If the Nazis hadn't stolen the art and saved it under ideal storage conditions, there is little doubt that the Allies would have destroyed most of it in bombing European cities in the effort to defeat the Nazis. So we have the bad guys to thank for the fact that you and I can gaze upon those amazing objects.
However, we also learn in this movie that the Nazi soldiers had orders to destroy all the art if they were losing. The fact that the Monuments Men were at the front lines enabled them to rescue many repositories before they were destroyed.
Roberta Schofield, Tampa
Amendment is too risky
As deputy police chief of Coleman, I join the Florida Police Chiefs Association in its strong opposition to any proposals that would legalize or decriminalize the sale, possession or use of marijuana.
I believe the currently proposed constitutional amendment places the safety of our citizens and our community in Sumter County in jeopardy, primarily due to the potential for expansion well beyond medical treatment for serious conditions. The very nature of marijuana makes standardization of the drug's potency extremely difficult, and we know from our state and federal partners that marijuana with higher levels of THC can be extremely dangerous.
Without clear guidelines for enforcement or even appropriate regulation, this amendment may create more problems than it intends to alleviate.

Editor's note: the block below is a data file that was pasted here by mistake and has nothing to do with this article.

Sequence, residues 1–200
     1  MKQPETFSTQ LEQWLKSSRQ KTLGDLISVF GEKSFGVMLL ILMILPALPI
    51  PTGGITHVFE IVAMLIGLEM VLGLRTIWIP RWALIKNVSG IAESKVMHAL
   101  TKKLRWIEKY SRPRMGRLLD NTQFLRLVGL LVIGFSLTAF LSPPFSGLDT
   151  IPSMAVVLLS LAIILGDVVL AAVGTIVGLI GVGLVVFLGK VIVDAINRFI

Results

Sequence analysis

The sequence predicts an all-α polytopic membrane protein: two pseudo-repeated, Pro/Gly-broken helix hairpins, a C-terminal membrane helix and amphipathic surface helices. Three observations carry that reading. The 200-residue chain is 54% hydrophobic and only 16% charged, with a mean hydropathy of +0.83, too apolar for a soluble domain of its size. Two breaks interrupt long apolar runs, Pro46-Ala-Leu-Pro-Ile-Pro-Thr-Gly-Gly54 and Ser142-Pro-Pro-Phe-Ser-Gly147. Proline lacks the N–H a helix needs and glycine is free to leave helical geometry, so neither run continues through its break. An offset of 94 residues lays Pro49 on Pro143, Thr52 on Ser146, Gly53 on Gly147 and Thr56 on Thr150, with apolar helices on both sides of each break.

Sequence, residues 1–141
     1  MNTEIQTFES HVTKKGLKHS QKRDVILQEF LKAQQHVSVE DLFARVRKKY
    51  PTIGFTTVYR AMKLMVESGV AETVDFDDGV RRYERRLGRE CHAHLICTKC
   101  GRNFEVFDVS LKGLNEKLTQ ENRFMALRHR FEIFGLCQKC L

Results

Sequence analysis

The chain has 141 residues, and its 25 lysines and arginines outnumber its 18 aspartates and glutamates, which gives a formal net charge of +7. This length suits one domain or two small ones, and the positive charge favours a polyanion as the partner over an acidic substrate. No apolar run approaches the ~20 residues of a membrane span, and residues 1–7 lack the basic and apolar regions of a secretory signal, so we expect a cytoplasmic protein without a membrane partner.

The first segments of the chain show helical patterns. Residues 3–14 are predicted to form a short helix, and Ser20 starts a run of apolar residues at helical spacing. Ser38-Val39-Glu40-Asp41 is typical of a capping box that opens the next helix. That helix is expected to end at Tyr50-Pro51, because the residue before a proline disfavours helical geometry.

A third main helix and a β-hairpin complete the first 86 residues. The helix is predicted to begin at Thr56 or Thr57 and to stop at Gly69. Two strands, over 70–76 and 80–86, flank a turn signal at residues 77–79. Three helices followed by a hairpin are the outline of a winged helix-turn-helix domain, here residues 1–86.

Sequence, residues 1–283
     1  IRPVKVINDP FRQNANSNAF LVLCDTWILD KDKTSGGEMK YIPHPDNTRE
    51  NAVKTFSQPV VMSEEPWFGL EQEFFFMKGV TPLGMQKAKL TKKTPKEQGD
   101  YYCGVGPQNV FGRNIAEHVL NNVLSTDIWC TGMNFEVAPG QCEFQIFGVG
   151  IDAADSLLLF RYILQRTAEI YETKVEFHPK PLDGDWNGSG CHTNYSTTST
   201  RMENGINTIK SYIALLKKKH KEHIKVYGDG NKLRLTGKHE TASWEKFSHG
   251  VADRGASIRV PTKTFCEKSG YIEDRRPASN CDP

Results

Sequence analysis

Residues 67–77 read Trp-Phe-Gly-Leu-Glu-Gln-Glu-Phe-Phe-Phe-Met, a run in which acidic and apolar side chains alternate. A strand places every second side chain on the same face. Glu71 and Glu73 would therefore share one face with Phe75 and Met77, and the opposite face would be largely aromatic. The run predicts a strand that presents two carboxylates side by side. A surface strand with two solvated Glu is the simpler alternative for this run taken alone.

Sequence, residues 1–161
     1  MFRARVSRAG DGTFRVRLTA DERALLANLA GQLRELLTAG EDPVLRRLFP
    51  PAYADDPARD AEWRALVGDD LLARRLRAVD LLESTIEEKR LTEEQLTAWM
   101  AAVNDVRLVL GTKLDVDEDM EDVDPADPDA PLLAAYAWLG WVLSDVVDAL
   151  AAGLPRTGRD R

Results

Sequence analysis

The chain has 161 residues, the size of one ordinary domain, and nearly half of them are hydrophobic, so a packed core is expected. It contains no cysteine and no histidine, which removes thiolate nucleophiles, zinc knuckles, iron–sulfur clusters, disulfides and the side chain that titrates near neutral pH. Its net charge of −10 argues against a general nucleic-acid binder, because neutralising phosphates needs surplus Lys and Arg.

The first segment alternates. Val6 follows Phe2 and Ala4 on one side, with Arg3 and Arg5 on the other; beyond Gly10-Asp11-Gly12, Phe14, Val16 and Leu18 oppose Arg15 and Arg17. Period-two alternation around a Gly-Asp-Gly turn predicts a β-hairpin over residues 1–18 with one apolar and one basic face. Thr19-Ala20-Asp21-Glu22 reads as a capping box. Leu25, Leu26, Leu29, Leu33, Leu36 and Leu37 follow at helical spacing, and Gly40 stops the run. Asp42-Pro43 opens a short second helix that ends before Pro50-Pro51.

Thomas E. Santarlas, Coleman
Officers: Teens run wild | Feb. 11
This same scenario plays out every year at the Florida State Fair. As time goes on, it gets a little bigger and more violent as unsupervised teenybopper thugs and thugettes do their thing. According to their clueless parents, they're all budding NFL stars or rocket scientists.
But the fair isn't the only venue they've ruined. Remember BayWalk? Our own local group of unsupervised brats pretty much destroyed any chance of its success. They ran people down with their bicycles, mugged shoppers and theatergoers in the parking garage and tried to start fights at every opportunity. And once the war protesters decided to join the fun, it was all over for the merchants.
Will they reappear when Bill Edwards finishes his new project? Sadly, they probably will unless something is done to prevent it.
Bob Dalzell, St. Petersburg
Well-educated and rising | Feb. 13
More specialty slots needed
I found the article by Robert Trigaux interesting, but most people realize that having a four-year degree or beyond will get you a better-paying job. From this article, it is important to see the need for specialty schools. Some students may not be academics, but certainly could learn a trade that would benefit them for years to come. My pet peeve is that we need more of these schools. I have seen some improvement through magnet programs in various schools in the Tampa Bay Area, but we need more.
I was annoyed at Trigaux's last paragraph about motivating kids to show up because it may cost them later in life. I may be old-fashioned, but learning was considered fun and not a chore.
Marilyn Satinoff, Palm Harbor